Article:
It’s hard to convey the weight of despair I felt in those days, simmering away for a decade from the age of fourteen, but at its peak between eighteen and twenty.
I think that first year at university was amongst the worst of it, because it simply reaffirmed that there was something seriously wrong with me. Despite being in a completely new environment, two hundred miles from home, reactions to me were exactly the same. Everything I had experienced for the previous five years were repeating all over again.
Never could I make a clean break, it seemed. My departure from school at sixteen had been supposed to be a clean break too, but sixth form college just turned out to be even worse. The boys who went out of their way to harass me daily were simply replaced by others, while most of my contemporaries rejected me completely.
At college I became best friends with a young man who was nothing like me at all: outgoing, confident, a ladies-man, part of the under-age clubbing scene. An unlikely friendship, for he had been in trouble with the law, and was in perpetual conflict with his Muslim parents, a true rebel, enjoying drink, the odd spliff and a series of questionable relationships.
At university, rejected by my peers, I became best friends with a mature student, a decade older than me, who was nothing at all like me either. We were studying the same subjects, but that was where our commonalities ended. Or maybe we were more alike than I realised. We were both extremely gaunt. We both had anger issues, expressed in different ways. It’s just he dealt (or rather didn’t deal) with it by pickling himself in alcohol, whereas I just wrote crap poetry.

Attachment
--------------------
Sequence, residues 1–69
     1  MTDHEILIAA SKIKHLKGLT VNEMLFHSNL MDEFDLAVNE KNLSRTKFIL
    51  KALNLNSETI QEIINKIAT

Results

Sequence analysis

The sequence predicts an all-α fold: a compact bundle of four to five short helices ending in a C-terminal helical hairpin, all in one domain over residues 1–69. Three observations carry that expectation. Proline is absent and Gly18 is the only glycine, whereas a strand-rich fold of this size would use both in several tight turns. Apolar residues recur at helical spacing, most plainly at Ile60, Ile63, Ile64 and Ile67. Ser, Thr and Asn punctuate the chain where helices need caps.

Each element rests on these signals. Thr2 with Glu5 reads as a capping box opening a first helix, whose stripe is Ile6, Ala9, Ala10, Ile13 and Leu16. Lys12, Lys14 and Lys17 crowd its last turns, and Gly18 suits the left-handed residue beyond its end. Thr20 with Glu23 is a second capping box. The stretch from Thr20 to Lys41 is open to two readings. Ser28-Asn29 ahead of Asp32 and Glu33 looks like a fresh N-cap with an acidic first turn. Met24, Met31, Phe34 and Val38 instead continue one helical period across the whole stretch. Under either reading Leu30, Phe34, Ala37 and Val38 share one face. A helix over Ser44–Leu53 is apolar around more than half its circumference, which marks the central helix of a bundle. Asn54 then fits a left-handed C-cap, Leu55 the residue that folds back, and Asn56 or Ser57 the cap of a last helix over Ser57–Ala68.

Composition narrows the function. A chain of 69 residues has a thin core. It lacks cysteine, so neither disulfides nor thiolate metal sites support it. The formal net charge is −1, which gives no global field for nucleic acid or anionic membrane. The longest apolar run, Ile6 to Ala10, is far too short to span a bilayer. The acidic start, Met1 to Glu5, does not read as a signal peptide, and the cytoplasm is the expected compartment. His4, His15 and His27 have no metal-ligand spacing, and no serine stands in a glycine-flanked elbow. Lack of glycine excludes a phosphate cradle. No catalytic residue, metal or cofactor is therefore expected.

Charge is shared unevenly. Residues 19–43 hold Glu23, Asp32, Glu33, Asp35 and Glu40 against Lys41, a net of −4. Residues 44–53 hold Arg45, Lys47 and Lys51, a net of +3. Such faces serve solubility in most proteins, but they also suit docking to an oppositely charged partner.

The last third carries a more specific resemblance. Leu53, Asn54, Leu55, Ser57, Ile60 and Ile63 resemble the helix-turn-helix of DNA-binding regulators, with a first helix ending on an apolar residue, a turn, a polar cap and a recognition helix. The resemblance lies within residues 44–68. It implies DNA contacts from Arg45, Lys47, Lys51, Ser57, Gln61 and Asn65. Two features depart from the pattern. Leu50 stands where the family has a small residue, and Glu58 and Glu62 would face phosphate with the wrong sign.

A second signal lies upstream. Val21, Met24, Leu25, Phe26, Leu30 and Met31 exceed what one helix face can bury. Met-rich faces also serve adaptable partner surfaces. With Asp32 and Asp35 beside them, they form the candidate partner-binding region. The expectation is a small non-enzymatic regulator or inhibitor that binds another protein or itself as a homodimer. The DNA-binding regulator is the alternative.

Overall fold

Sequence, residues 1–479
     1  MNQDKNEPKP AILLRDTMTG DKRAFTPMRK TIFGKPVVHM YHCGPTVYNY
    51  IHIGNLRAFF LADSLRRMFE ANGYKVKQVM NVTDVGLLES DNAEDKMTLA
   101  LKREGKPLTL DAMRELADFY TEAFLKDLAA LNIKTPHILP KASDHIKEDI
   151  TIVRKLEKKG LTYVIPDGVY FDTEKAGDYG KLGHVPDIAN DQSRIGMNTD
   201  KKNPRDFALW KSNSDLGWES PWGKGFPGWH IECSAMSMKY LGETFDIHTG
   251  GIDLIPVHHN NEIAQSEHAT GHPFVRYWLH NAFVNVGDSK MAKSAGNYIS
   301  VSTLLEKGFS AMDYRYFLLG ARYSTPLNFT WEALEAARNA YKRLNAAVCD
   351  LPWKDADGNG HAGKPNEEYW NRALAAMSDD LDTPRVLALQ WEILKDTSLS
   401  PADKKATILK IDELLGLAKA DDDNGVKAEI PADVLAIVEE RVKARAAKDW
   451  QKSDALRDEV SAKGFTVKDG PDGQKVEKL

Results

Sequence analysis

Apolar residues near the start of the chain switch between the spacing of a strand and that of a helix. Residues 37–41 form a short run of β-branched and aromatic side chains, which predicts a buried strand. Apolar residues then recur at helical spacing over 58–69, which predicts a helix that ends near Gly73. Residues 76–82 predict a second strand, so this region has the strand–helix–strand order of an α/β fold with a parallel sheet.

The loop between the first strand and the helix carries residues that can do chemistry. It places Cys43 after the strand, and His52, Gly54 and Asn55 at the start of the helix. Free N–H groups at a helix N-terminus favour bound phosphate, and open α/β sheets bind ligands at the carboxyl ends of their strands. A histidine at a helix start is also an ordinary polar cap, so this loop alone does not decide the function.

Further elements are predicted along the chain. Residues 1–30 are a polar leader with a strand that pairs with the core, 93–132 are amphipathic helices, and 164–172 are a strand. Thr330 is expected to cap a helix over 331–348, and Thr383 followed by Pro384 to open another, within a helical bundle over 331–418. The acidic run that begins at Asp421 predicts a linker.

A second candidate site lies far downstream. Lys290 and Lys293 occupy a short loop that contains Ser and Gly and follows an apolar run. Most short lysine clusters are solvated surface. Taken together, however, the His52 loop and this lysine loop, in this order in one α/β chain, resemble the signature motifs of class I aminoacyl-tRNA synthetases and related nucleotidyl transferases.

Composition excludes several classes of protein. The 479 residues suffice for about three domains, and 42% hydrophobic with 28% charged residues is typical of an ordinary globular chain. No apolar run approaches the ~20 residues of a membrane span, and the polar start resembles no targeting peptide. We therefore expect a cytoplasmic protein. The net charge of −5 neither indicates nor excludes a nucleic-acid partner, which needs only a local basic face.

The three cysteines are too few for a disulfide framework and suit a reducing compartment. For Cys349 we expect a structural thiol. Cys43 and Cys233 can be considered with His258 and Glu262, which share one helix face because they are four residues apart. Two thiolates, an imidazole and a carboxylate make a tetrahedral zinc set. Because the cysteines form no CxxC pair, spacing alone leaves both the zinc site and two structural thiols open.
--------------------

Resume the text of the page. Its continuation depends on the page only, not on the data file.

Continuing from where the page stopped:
In the face of all I experienced, I could have thrown myself to oblivion. I could simply have decided to carry on pickling myself in vodka and coke. But instead I decided to set out on a path of reform, intent on transforming my own life. I broke away from the company I had kept in my first year, cutting myself off completely, determined to start over.
That was when my pursuit of faith became my overriding concern, at the expense of everything else. A strange course of action, perhaps, for a twenty year-old, who could have pursued so many other outlets to overcome or numb his despair. But there we are: I prescribed myself the pursuit of the One as the antidote for all I had experienced for years.
My arms were still like sticks then, my face still drawn, so youthful. I couldn’t maintain meaningful relationships, deep or special. I didn’t know how to overcome my lethargy. But I was determined to bring about change from within, in whatever way I could. Yes, and so I set out upon another road. A spiritual refugee, it’s true.